Utilizing IE’s touch model, Everest: Rivers of Ice, also goes further by creating innovative and intuitive touch interactions like “draw and zoom.” If you want to explore an area, a peak or basecamp on the mountain, you simply draw a circle around a piece of the photo and the site will automatically zoom to what you want to explore. We think it is a fun and fastway to quickly dive into a few of the billions of pixels at your fingertips.
Using the web for the next generation of storytelling
David Breashears holds four National Emmys for his work in documentary filmmaking. Now with IE, he turns to the web to tell this critical story of what is happening to the glaciers in this region. Historically, story-telling has been a linear experience, with a defined beginning, end and content in-between dictated by what the director wants to show you. With Everest: Rivers of Ice we utilized the Microsoft Research platform Rich Interactive Narratives(RIN) to allow you not only to view amazing videos and hear directly from David, but also explore the gigapixel images, match photography and video vignettes at your own pace to discover the countless secrets David's powerful content reveals.
Building new experiences entirely in HTML5
Everest: Rivers of Icemakes extensive use of gigapixel panoramas to help you see the awe-inspiring scale of Everest and its glaciers like never before. These gigapixel panoramas are pieced together using HTML5-based RIN technology into a beautiful site. To create the incredible panoramas you see on the site, we used the multi-resolution, HTML5-based panorama viewer from Bing, which renders perspective corrected panoramas containing billions of pixels. Building on image-based rendering research from Microsoft Research, the viewer raises the bar on what a modern browser can do with technologies like CSS3 3D transforms and Canvas. Finally, RIN enables additional discovery and exploration by overlaying the panorama with hotspots that show more information in the form of HTML5 video, side-by-side image comparators and image galleries.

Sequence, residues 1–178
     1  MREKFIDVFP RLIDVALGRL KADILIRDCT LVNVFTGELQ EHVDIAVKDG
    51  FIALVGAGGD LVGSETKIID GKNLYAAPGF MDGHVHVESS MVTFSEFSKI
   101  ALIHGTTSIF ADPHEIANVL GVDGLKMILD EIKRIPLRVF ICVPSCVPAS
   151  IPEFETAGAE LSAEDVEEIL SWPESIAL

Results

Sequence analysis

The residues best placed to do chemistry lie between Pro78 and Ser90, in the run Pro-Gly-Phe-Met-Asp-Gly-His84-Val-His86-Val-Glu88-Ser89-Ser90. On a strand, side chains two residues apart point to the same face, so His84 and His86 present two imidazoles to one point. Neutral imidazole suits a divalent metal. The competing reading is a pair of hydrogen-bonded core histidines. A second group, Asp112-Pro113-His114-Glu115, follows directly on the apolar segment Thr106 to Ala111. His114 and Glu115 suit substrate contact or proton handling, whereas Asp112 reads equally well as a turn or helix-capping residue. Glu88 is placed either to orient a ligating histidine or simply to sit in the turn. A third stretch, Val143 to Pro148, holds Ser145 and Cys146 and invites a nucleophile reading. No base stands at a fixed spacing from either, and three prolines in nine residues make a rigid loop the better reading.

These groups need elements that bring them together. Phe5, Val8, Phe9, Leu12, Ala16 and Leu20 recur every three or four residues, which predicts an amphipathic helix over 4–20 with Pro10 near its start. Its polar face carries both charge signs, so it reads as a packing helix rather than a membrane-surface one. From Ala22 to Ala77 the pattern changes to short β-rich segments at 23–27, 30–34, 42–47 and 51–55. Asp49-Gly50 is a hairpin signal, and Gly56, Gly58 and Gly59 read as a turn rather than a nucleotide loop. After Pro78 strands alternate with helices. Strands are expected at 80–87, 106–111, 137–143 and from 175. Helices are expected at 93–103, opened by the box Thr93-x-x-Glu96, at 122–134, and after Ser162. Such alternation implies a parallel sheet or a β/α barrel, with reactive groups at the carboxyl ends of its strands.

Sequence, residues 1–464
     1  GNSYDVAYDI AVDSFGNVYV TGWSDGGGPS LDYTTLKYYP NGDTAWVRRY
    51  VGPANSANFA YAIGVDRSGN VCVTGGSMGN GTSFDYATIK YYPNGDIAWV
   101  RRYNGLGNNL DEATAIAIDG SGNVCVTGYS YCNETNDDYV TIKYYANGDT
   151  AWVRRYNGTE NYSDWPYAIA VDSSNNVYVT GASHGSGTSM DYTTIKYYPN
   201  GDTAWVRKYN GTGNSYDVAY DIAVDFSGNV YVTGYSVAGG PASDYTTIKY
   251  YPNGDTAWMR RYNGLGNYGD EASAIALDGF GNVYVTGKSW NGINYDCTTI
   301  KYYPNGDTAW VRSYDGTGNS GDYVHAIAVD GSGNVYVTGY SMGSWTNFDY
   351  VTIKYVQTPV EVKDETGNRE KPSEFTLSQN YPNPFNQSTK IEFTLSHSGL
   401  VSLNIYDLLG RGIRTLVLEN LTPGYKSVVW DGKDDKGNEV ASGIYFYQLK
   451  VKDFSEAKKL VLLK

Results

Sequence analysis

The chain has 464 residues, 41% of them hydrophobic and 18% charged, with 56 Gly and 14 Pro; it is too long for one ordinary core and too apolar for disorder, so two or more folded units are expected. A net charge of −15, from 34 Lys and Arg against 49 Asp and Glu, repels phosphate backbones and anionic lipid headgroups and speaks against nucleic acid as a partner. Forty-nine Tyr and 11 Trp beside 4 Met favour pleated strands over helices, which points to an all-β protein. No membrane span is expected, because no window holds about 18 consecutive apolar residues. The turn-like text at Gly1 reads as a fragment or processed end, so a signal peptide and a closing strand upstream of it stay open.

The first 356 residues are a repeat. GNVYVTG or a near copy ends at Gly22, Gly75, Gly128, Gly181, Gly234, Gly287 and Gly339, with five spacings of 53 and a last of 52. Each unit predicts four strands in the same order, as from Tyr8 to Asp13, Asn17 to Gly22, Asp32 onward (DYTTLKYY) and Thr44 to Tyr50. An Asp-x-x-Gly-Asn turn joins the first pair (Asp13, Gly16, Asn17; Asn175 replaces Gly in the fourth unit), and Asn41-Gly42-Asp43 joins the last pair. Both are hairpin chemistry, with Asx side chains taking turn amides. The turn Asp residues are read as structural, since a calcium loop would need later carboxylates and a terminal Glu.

This experience wouldn’t be possible without the power of the standards-based web and a great touch browser like IE10. In order to create this site and help bring the web forward allowing more developers to build amazing cross browser websites, we worked closely with the ecosystem to create a standard for enabling touch on the web – Pointer Events. Available today in IE10 on Windows 8, Pointer Events was recently published by the W3C as a Candidate Recommendation specification, an important step towards interoperable support on the web.
Today’s launch is an exciting moment showcasing what is possible when cutting edge content from an explorer like David is combined with the power, reach and richness of the modern web and a modern browser like IE. So pick up your favorite Windows 8 device and scale Everest with just a touch.
Director, Internet Explorer Marketing
Roger, This is the new frontier of the web and the blending is the benchmark now for interactive communication ..
Well Done my Friend ....all that is now missing to complete the picture is a climber wearing several multi camera set up on his head in a street-map environment..LOLs Mike
That was a very interesting web story-telling concept. I can finally discover Everest from the comfort of my home. :)